Despite the fact that Barcelona is one of the most popular tourist destinations in the world, the city tops the ranking of the 50 most polluted ports in Europe. The Catalan capital tops the list for having the highest pollution caused by cruise ships.
The ranking revealed in the study by the NGO Transport and Environment in Brussels, refers to the ports with the highest emissions of sulfur oxide (a pollutant from ships), nitrogen oxides (NOx) and solid particulates.
Which European cities have the highest pollution caused by cruise ships?
According to the report the list is topped by Barcelona with 32.84 tons of SOx dumped during 2017. This data confirms that cruise ships emitted 4.8 times more SOx than the total SOx emitted into the atmosphere by Barcelona’s fleet of passenger cars.
The list is followed by:
- Palma de Mallorca (28 tons)
- Venice (27.5 tons)
- Civitavecchia, Southampton, Lisbon, Santa Cruz de Tenerife, Marseille, Las Palmas and Copenhagen.
In absolute terms, the countries most exposed in Europe to pollution from these maritime tourism giants are Spain, France, Italy, Greece and Norway: Spain, France, Italy, Greece and Norway.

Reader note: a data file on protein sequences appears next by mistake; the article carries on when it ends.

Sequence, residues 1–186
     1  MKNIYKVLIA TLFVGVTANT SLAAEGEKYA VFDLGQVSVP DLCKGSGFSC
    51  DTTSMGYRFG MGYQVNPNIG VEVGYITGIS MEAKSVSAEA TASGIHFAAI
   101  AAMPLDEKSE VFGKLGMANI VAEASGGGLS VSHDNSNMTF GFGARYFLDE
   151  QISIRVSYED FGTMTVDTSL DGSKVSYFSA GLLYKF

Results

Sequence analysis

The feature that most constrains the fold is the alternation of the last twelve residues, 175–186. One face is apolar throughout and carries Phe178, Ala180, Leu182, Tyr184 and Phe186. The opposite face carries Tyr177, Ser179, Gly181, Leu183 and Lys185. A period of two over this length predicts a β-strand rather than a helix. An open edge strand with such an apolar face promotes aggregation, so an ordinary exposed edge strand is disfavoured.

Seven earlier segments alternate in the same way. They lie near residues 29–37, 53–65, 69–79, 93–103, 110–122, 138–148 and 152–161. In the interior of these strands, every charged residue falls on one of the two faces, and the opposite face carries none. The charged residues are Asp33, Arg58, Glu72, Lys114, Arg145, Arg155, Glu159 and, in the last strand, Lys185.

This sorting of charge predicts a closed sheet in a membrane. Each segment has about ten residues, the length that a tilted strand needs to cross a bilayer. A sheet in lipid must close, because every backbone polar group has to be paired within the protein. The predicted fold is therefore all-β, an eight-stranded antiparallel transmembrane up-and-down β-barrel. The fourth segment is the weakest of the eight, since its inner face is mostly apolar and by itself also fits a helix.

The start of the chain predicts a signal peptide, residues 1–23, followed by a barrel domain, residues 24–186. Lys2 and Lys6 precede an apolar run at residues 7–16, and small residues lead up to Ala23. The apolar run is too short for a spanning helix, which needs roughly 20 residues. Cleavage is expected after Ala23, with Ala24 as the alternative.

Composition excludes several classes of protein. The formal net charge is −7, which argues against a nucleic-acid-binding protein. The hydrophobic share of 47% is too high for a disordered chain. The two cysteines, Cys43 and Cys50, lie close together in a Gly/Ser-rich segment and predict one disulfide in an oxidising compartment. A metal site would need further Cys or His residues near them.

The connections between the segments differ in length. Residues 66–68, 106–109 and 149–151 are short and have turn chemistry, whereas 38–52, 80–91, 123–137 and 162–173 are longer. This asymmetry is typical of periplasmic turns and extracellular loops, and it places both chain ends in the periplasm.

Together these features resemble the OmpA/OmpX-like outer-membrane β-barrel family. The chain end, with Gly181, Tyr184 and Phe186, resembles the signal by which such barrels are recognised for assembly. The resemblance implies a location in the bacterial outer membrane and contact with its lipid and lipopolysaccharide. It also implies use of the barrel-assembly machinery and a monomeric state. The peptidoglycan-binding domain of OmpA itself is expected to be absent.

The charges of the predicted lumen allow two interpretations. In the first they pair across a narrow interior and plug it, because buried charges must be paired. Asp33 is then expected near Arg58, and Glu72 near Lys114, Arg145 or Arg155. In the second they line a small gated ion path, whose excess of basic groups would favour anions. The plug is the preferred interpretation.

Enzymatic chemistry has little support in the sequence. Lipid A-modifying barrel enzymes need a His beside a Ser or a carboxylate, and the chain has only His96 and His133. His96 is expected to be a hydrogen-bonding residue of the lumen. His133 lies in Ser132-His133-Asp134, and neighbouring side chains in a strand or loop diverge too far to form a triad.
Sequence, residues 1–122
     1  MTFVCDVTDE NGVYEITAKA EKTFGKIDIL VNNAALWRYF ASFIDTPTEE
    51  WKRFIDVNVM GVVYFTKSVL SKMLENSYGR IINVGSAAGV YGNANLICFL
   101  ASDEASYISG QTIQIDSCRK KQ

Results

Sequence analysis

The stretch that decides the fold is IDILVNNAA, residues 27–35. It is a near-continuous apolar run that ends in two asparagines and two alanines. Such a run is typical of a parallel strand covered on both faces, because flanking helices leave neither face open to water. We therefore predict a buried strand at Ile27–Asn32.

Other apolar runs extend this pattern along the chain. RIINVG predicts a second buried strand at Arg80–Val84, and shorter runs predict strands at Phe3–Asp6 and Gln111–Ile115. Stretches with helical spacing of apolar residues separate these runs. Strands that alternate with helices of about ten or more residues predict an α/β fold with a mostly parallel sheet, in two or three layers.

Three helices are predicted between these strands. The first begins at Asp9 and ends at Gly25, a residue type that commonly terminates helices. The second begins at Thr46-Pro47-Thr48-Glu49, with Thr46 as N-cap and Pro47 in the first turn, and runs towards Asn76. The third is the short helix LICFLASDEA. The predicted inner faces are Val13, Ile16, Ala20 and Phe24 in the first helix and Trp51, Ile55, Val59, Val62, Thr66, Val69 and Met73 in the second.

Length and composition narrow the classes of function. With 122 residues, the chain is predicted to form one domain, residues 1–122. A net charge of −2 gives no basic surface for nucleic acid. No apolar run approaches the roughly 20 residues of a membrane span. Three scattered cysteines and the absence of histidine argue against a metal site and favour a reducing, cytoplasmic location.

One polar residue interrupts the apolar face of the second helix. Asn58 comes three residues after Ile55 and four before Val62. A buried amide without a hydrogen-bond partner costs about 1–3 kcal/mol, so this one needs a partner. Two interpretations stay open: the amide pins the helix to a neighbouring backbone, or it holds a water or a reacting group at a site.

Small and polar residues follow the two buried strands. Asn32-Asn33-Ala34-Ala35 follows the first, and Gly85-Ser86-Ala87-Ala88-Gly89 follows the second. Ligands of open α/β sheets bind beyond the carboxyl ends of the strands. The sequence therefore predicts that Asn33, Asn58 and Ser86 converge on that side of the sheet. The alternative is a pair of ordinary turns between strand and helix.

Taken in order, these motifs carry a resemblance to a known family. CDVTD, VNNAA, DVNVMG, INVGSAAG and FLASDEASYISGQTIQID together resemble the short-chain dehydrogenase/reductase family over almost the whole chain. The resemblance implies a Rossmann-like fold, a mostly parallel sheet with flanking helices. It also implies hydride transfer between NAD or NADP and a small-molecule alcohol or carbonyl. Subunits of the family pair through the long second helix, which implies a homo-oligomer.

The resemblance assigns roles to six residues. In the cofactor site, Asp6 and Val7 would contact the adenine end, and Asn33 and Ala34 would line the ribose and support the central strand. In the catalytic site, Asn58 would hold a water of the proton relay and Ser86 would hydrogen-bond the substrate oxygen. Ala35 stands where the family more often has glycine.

Why Barcelona in the first place?
The reason is that the Catalan capital is the first port in Europe and the sixth worldwide, where the largest traffic of large cruise ships is registered. It also contributes to the fact that both the Mediterranean and Barcelona coasts lack the protection of Emission Control Areas (ECAs). This results in less stringent levels of sulfur emissions in the area, affecting air quality.
In general, the International Maritime Organization prohibits ships from using fuel with a sulfur content of more than 3.5%. In the case of cruise ships, the cap is 1.5%.
Data from Spain and Barcelona
The results of the report by the NGO Transport and Environment confirm Barcelona as the city with the highest pollution caused by cruise ships.
The data reveal that the maritime tourism giants that in 2017 produced the most emissions are those of the Carnival Corporation group (Costa Cruises, P&C Cruises, AIDA). These cruise ships emitted ten times more sulfur dioxide (SO2) than that emitted by the 260 million passenger vehicles that currently exist in European countries with a sea. They were followed in order by Royal Caribbean International and Norwegian Cruise Line.
The City Council, the Generalitat and several NGOs are asking the State to establish an emissions control area to lower the admissible sulfur cap. If this protected atmosphere area (ECAs) were to be created in the Mediterranean, the fuel would have to have a maximum sulfur content of 0.1%.